Richard A. Moore | Financial and Insurance Advisor | Business Consultant
HomeAbout UsServicesThe Risks Facing Medical ProfessionalsCommercial Insurance ProductsMedical Accounts Receivable Management (MARF)Asset MonetizationMergers and AcquistionsHUD Government ProgramsStructured Installment SalesLife SettlementsArticlesBlogContact Us
Medical Accounts Receivable Management (MARF)

Medical Accounts Receivable Funding (MARF): An Alternative Funding Approach For Working Capital


Medical Accounts Receivable (MARF) A Cash Flow Solution for Healthcare Providers. Accounts Receivable is possibly one of a healthcare services or medical providers single largest balance sheet assets, after their real estate.
Unfortunately, due to current inefficiencies and bureaucratic nightmares in our healthcare system a medical provider can wait 15-150 days, or more, to monetize this asset. 

A provider/facility with third party payers has the ability to accelerate the power of this otherwise dormant asset into a powerful tool that will meet current cash needs including practice or service growth and development.

Medical Accounts Receivable Funding is a financing method that has significant benefits when compared to traditional bank financing.

You can meet the challenges of rising costs, diminishing reimbursements, increasing demands caused by the "baby boomer" population and changing technology.  Rising costs which can threaten the facility/practice's income and future stability, can be mitigated.  Growing patient/resident demand will require the most up-to-date services and facilities.  Access to additional working capital will overcome all of these challenges.
Traditional financing program inefficiencies hinder the provider's ability to conduct business, pay staff, order supplies, pay overhead expenses and grow the business.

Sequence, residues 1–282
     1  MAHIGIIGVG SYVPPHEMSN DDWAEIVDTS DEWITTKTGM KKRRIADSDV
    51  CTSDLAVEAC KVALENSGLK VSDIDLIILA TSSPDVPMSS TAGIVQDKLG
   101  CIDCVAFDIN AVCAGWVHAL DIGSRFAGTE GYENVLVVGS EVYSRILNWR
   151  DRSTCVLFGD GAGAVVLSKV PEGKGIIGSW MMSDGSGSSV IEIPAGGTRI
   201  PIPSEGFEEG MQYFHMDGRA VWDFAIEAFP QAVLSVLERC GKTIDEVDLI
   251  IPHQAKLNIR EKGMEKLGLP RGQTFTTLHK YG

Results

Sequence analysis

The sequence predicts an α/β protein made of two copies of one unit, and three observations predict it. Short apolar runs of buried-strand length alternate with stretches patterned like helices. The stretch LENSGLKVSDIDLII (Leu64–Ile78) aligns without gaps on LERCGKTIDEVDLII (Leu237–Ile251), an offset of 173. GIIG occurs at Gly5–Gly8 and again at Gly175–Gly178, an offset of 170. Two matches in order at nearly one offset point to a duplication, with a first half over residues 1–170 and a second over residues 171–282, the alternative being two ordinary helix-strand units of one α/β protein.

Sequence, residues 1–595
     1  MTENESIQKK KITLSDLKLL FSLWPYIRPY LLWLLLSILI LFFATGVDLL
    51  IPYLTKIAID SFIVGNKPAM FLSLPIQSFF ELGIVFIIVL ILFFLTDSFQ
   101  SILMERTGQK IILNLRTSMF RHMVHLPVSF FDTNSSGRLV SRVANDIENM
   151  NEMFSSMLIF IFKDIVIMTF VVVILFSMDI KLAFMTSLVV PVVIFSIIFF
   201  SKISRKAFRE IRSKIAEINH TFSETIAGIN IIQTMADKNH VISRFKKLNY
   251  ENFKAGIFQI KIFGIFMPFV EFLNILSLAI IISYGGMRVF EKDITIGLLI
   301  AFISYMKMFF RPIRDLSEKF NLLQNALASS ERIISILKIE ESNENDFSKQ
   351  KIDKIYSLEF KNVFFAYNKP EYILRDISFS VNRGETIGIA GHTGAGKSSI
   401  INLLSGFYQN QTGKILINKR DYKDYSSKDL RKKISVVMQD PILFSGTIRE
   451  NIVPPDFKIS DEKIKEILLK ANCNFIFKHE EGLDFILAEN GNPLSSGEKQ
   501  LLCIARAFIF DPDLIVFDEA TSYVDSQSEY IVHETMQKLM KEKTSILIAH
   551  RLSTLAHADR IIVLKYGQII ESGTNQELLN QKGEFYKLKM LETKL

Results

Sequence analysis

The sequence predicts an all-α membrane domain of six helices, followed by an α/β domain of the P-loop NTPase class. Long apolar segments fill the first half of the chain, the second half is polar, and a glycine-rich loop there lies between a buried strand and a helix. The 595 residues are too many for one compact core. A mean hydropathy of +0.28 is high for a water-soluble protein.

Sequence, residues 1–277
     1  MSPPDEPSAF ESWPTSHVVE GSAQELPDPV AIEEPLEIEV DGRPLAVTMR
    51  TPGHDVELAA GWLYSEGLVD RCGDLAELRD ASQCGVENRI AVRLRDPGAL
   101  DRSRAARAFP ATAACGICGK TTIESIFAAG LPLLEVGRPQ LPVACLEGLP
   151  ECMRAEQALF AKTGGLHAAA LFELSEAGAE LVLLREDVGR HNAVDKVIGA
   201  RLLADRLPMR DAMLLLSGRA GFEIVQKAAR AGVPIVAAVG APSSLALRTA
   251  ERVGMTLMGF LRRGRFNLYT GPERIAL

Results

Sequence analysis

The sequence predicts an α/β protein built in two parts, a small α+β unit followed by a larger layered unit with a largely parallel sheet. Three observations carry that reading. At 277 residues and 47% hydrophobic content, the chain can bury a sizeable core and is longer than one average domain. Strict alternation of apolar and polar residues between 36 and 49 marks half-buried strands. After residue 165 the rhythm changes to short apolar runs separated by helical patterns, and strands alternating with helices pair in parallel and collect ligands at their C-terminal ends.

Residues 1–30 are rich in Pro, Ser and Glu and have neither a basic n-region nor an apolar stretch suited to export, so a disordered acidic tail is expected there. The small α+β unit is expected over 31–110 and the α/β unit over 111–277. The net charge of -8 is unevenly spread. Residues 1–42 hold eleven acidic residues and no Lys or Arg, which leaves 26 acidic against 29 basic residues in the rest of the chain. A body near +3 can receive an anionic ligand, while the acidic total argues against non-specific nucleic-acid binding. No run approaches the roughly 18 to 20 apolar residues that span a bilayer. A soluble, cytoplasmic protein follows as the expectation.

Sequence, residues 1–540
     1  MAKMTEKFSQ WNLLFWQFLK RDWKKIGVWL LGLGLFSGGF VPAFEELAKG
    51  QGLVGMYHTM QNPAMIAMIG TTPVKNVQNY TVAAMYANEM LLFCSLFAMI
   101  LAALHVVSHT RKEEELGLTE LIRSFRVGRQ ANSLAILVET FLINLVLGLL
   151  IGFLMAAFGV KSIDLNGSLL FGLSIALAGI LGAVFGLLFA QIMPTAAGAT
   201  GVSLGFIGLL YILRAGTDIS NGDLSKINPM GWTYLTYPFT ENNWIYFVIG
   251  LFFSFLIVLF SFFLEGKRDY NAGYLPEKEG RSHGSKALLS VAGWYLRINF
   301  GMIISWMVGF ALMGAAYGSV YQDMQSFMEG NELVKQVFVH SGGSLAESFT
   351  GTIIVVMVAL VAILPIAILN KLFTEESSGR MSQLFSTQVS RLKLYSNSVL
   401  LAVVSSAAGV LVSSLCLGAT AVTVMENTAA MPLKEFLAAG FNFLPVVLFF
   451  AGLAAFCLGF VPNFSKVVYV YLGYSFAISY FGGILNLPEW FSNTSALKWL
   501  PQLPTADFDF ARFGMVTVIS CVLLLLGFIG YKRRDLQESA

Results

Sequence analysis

Most providers turn to their local banks for working capital loans, but due to recent banking regulations/lack of ability to lend to small and medium sized business organization make it difficult to obtain these loans. Additionally the complexity of medical receivables requires an understanding of the medical arena to properly values this asset.

Medical accounts Receivable Funding is based on one of the oldest forms of financing in existence today. Factoring dates back to the 1600's in colonial America.  It is not fully understood consequently some business managers/providers think it is a new form of financing or only for enterprises that are in financial trouble.  Others think the cost is prohibitive, but the facts are...none of these assumptions are correct.

Medical factoring is determined solely by the provider's ability to generate medical bills, there are no limits--you grow, you factor. Most importantly, you the provider now have a clear understanding of when you will have access to your cash flows and can finally concentrate on treating patients. 

 By removing the Medical A/R from the balance sheet it may discourage a frivolous medical malpractice lawsuit.

A Liquidity Squeeze is far worse than a Profit Squeeze. A key management function is to make sure that a practice/facilities receivables and working capital position are managed efficiently.

With high liquidity, a provider/facility can take advantage of price discounts, take early payment discounts, reduce short-term borrowing, benefit from a top commercial credit/bond rating and take advantage of market opportunities only offered by vendors to their very best customers. The Covid supply chain problem has taught many the suppliers deliver to their best paying customers first.

Short Term Debt should be matched to Short Term Expenses and Long Term Debt should be matched to Long Term Expenses.